Sunday, August 28, 2011

Goodbye, Beef!

Red Robot--"My Last Home" (mp3)

I guess I needed a movie. I guess I had to see it.

For the last ten days I have gone beefless--no hamburgers, no spaghetti sauce, no roast beef sub at Ankars, no reuben sandwich, no Chicago hot dog, no steak or brisket. Last night at the Southern Brewers Festival, as my friend stopped at the "authentic" Philadelphia cheesesteak booth, I kept going and bought a piece of cheese pizza instead. When he cut off a piece of his cheesesteak and put it on my plate, I told him I'd eaten a late lunch and gave it back to him.

People don't like when you give up things that they like to eat or drink, that you have shared together, so I've kept silent. This is my coming out.

And, yes, it took a movie. The movie is called Home. You can watch it on YouTube:









The movie is pretty basic, and both beautiful and terrifying in its simplicity. Using only aerial photography and a usually-understated Glenn Close-voiced narrative, the movie shows the world and man's impact on it. It makes a compelling case for the interconnectedness of all aspects of nature from the beginning of the Earth and then begins to document the ways that our habits and behaviors have disrupted that balance, particularly in the last 50 years or so. If you are not already disgusted by the concept of Dubai, it will make you so.

Much of the film deals with energy and how much energy is now required to accomplish certain accepted practices like raising massive amounts of grain-fed cattle to provide beef for the world. And that's where you see forests, rainforests to be specific, being cleared out so that soybeans and grains can be planted to fatten cows quickly and in ways that are counter to cows' natural diets. When I finally focused on how much energy, how much water, how much fossil fuel, how much space is consumed, I got it.

I guess you never know what will shut you down. The "killing animals for food is wrong" argument hasn't ever touched me all that much, at least not yet. Our species is carnivorous by tradition, and probably by nature. Or at least, like Lewis and Clark, we eat what is available at the time and in the place, so maybe more omnivorous. I also know that my family having four cars for four people is excessive and extravagant, but that's one I expect we will figure out soon. But participating in the overt destruction of the world in order to get a cheap, easily available hamburger, well, that shut me down. When I saw the images, I realized that I just don't need it.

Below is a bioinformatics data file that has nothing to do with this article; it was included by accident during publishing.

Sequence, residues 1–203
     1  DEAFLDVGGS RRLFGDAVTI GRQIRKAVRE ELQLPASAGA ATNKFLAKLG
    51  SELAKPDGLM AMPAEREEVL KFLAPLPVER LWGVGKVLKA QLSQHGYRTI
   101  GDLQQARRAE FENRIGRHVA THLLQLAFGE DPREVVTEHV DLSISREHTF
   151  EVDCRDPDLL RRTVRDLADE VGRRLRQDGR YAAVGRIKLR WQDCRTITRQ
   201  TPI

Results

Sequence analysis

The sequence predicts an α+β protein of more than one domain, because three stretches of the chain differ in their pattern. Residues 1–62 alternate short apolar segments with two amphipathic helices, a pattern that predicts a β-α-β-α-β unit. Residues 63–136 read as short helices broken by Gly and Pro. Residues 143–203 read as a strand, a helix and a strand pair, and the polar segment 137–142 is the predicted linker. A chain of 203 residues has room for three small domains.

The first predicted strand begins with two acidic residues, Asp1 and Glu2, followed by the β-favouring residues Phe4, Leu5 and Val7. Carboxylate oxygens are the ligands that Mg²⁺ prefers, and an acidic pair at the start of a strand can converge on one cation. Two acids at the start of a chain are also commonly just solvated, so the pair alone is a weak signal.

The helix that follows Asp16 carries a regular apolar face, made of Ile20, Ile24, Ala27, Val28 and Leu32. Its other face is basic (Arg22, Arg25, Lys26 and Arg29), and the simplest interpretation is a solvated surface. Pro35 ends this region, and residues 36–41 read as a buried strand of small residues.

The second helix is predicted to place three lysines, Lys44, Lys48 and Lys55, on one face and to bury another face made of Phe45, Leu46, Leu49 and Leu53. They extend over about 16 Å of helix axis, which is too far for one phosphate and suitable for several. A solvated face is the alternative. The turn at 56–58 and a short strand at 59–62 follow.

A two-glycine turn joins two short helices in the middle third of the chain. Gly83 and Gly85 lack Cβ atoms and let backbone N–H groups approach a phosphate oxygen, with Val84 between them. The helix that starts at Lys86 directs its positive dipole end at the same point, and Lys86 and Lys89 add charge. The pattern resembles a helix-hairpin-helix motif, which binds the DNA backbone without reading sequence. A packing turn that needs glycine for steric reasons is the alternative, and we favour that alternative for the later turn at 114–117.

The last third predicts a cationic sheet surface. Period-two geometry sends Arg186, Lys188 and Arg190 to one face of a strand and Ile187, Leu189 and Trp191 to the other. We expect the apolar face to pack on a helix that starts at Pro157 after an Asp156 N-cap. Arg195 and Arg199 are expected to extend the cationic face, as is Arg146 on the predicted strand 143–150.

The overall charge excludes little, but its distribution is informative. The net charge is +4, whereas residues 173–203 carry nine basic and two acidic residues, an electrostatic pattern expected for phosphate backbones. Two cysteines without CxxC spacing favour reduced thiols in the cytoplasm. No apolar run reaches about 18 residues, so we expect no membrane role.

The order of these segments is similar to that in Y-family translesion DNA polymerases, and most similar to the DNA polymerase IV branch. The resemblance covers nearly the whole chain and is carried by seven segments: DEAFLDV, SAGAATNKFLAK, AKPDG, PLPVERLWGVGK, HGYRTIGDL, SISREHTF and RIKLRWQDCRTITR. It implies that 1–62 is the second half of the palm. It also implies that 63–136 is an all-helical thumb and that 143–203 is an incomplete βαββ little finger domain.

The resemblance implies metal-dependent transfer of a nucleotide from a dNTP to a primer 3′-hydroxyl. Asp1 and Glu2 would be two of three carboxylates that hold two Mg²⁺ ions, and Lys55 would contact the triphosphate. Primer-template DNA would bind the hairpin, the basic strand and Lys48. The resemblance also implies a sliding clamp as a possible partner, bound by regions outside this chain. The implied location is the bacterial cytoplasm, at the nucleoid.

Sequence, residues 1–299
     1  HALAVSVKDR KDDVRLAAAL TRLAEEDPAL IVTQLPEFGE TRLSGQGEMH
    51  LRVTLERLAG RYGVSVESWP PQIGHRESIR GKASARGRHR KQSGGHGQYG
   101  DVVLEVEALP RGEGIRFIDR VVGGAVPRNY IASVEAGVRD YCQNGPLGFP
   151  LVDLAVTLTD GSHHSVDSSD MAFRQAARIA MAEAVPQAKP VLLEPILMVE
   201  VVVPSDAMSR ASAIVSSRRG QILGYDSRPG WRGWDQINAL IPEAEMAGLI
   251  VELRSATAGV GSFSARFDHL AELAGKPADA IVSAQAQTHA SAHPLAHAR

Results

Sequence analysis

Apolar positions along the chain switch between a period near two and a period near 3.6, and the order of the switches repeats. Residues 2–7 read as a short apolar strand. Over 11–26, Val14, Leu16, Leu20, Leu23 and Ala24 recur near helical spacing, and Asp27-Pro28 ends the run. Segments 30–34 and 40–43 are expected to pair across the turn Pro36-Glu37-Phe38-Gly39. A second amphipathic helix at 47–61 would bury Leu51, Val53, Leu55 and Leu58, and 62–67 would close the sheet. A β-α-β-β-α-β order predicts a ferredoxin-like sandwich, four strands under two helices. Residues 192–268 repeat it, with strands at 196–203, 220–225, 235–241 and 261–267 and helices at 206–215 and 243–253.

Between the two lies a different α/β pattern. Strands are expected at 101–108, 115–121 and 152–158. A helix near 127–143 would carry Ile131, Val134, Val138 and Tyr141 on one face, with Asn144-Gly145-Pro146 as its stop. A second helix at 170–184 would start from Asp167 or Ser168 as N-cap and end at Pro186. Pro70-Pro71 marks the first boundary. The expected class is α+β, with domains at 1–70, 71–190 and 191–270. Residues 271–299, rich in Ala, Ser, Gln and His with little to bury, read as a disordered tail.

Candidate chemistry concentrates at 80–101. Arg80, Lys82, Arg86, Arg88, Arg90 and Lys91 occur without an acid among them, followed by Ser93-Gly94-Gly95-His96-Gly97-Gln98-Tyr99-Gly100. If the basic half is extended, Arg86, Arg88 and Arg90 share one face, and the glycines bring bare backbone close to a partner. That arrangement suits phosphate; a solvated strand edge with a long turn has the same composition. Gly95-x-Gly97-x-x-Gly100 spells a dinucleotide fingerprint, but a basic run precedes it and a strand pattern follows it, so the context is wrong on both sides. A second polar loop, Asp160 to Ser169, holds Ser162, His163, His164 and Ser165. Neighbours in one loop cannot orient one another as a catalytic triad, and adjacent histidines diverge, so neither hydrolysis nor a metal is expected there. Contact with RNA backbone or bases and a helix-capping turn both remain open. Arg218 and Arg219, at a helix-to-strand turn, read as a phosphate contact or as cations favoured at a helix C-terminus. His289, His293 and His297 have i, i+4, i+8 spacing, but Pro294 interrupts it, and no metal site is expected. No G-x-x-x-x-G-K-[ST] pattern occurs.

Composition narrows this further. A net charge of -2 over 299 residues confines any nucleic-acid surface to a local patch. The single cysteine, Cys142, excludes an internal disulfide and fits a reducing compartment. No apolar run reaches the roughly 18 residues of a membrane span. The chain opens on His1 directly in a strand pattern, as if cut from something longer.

NOTE: the "Out" (there's always an Out) is grass-fed beef. Rainforests are not being compromised to raise these cows.

Most days when I drive around this city, I am hyper-conscious of the dwindling resources we are consuming anyway. Maybe it's because we spent our summer of construction dumping all kinds of waste in a dumpster without really knowing or caring where it went. Maybe it's because I see my neighbors and my school watering grass when I know that water in the world is running out. Maybe it's because sometimes a grocery store feels like the silliest place in the world with its myriad of choice and the incredible amount of waste from spoiled, unpurchased goods that is factored into its existence. Maybe it's because the air conditioning doesn't work in my car, and so I sit in lines of vehicles putting out massive heat while I swelter in my own, and I realize what an incredible luxury cold air is.

We are, of course, part, the main part, of that 20% of the world's population that consumes 80% of the world's resources. And while I'm not the type to be consumed with guilt about this, I have fully begun to expect the reckoning(s) that have to come. So I suppose this small "sacrifice" of giving up beef has been coming. Is it a first step? I don't know. Where it will lead, I'm not sure.

But please understand that I'm not preaching, not yet, and I'm not judging. I'm just telling you about a baby, baby, baby step that I've taken and how it came about in a privileged, wireless access kind of way that most people in the world don't have the opportunity to experience. I'm not glorying in it; in fact, I feel kind of silly even talking about it.

But do watch the movie and see what you think.


3 comments:

troutking said...

It was exactly this argument that spoke to me when I went veggie for 6 months in 2008. During that time, I couldn't fathom going back to eating meat, especially that ascetic feeling of sacrificing to do the right thing. But then I cheated a little and have been backsliding ever since. I could give up beef pretty easily, but what about chicken? Is raising chickens just as destructive as beef?

Bob said...

Don't know about environmental impact of chickens. The raising of chickens, except for free range, of course, is simply disgusting. So there is that.

Except for Champy's chickens--they are humanely raised and willingly offer themselves, thankful for the chance to be part of such a delicious meal.

Sara C said...

Bob, If you are interested in some local grass-fed beef, my parents have a beef cattle farm in Marion Co. They keep me well-supplied in relatively guilt-free beef and would probably be glad to sell you some. Bonus: it's extra lean and particularly good. Let me know.